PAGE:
The Effects of Dividend Policies on Stock Prices
One of the jobs of a corporation’s board of directors is to set dividend policy, which involves the timing and amount of dividends to pay. Academics are divided on the effects of dividend policy. Some say that dividends are important in attracting investors and supporting stock prices, while others claim that earnings are just as important as dividends. Empirical evidence, while not uniform, does suggest that higher dividends raise stock prices, while dividend cuts hurt prices. Other studies show that higher dividend payments make stock prices less volatile.
The accumulated profits of a firm are recorded in the retained earnings account of stockholders’ equity, which is the surplus of assets over liabilities. Retained earnings are the only source for dividend payments, whereas internal growth, in the form of new projects, asset purchases, etc., can be financed using retained earnings, new issues of stock, and/or with debt. Cash dividends, if paid, are usually declared and distributed quarterly, Stock dividends are occasional distributions of additional stock to shareholders. The dividend yield is the annual dividend amount divided by the current share price.
Dividend Discount Model
The dividend discount model posits that the current stock price is equal to the present value of all future dividend payments. As the present value increases, stock prices rise. Thus, higher dividends translate directly into higher stock prices. There are problems with the model, however. It doesn’t explain the prices of non-dividend stocks, and it expects that the rate of capital gains growth will always be steady and not exceed investors' required rate of return, which is known as the cost of capital.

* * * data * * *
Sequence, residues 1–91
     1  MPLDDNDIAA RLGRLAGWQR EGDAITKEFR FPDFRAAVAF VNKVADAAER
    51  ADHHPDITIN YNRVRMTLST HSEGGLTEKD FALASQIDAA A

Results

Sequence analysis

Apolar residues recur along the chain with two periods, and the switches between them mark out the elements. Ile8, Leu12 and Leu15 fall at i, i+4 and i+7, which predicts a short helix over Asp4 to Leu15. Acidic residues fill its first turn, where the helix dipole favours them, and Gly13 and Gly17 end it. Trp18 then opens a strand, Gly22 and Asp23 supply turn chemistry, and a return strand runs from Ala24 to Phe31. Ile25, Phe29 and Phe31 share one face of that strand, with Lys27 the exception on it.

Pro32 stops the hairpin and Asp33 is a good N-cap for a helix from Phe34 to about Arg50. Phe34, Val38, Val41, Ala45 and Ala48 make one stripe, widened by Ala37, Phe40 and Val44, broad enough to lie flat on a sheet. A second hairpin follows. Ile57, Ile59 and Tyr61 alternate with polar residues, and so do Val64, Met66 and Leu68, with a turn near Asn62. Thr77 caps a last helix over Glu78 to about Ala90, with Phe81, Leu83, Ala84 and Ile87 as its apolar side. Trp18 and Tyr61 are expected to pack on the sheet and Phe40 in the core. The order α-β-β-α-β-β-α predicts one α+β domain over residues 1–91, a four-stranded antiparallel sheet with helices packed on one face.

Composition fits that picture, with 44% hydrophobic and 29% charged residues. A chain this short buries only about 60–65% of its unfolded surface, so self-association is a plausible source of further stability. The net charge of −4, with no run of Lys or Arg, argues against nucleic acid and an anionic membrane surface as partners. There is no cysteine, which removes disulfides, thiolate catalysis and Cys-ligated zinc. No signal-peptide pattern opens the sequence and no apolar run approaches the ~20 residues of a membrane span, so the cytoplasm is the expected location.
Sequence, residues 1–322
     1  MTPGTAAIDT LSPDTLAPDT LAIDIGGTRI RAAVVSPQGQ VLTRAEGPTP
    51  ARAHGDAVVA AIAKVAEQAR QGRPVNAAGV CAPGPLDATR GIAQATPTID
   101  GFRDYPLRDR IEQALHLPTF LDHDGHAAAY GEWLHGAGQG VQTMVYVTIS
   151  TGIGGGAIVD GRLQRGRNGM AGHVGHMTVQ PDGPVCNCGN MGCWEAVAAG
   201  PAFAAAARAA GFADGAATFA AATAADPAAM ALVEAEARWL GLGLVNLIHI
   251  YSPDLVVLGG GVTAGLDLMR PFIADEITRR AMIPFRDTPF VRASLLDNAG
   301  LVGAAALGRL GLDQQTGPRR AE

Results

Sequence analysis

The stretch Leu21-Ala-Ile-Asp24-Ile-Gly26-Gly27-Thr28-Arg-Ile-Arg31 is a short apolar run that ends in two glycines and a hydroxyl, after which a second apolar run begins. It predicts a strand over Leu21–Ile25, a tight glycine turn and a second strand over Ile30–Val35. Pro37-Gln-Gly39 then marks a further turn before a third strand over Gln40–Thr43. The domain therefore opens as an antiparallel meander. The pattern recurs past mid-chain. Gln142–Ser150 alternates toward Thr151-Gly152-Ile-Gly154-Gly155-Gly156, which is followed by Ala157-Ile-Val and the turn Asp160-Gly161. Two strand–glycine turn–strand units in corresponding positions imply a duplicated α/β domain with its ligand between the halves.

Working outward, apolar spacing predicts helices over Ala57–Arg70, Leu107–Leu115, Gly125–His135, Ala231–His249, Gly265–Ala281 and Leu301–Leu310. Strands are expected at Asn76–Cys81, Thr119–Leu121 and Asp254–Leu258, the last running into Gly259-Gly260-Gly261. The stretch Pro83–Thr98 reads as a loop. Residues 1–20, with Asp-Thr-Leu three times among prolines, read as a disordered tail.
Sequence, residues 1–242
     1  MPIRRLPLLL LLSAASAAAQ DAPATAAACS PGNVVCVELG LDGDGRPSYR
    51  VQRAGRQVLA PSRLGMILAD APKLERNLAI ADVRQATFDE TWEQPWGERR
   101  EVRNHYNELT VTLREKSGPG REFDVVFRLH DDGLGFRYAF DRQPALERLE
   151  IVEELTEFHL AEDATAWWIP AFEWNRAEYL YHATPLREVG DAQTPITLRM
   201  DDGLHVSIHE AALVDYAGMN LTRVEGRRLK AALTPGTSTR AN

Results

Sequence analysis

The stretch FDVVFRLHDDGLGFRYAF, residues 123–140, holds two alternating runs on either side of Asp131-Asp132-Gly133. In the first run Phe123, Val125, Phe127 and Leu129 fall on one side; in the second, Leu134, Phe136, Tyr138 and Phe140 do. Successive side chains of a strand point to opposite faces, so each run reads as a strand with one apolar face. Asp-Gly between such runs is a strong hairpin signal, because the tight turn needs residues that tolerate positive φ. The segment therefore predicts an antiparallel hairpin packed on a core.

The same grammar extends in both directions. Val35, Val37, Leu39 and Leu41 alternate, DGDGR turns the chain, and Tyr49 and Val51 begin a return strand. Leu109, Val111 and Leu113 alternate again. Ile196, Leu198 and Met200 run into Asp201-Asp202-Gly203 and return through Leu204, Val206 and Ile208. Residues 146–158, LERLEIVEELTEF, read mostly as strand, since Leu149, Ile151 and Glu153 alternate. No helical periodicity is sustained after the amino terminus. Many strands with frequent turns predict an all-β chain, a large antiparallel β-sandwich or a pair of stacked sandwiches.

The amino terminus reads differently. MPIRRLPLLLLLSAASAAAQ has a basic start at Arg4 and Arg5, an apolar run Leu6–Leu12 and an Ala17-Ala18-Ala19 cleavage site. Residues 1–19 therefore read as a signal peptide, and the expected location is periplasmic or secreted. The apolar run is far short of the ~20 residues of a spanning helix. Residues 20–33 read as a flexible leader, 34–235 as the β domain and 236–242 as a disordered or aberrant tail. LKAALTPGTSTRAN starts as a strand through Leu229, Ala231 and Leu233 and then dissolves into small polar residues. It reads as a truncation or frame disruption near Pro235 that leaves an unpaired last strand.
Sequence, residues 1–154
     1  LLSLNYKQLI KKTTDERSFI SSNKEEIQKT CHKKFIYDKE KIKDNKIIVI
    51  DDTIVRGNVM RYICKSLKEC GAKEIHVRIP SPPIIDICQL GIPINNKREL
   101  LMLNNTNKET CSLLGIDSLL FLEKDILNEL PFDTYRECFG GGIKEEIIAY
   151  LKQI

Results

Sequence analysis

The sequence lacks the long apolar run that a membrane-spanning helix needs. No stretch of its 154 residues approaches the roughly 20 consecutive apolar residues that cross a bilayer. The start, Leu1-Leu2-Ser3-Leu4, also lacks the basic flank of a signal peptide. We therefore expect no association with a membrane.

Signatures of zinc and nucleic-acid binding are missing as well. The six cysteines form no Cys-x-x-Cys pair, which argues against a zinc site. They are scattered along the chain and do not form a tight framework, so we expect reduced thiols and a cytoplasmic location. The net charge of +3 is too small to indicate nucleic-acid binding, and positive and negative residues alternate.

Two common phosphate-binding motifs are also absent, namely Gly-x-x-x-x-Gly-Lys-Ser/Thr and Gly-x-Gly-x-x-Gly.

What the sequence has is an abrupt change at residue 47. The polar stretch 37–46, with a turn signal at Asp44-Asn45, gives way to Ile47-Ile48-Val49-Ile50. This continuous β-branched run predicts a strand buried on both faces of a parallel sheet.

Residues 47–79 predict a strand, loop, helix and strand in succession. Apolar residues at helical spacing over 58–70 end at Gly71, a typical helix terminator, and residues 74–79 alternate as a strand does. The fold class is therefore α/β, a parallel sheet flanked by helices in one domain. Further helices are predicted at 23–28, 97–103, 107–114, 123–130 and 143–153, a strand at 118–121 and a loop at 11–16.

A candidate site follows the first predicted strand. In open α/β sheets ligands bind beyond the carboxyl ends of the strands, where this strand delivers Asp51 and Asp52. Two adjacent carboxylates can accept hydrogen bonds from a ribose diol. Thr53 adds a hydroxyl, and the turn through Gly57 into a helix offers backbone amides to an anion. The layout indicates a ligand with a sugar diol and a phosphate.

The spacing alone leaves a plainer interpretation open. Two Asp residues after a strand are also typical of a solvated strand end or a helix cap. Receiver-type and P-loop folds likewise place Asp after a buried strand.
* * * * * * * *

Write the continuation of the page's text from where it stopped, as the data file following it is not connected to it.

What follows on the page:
The Modigliani-Miller Theorem states that shareholders are indifferent to the division of retained earnings into dividends and new investments. If correct, it predicts that the amount of retained earnings spent on dividends, which raise stock prices, is offset by the effect of issuing new stock to replace the money spent on dividends, which lowers stock prices. The model doesn’t consider the use of debt instead of new stock issuance. The M-M Theorem concludes that dividend policy does not affect stock price.
The clientele effect is an acknowledgment that income-oriented investors are drawn to dividend-paying stock, while those who are less risk-adverse prefer capital gains. Thus, if a company makes substantial changes to its dividend policy, some shareholders will approve and may buy additional shares, while other shareholders will sell their shares and find others that are more to their liking.
This theory states that an increase in the dividend rate should be viewed as a vote of confidence by the corporation board about the company’s prospects to increase growth and earnings. If the board thought that the firm would be short of funds, it would cut dividends rather than raise them. Since board directors know the most about the company, the positive signals it sends should be viewed by investors as a reason to buy shares and thus raise share prices.
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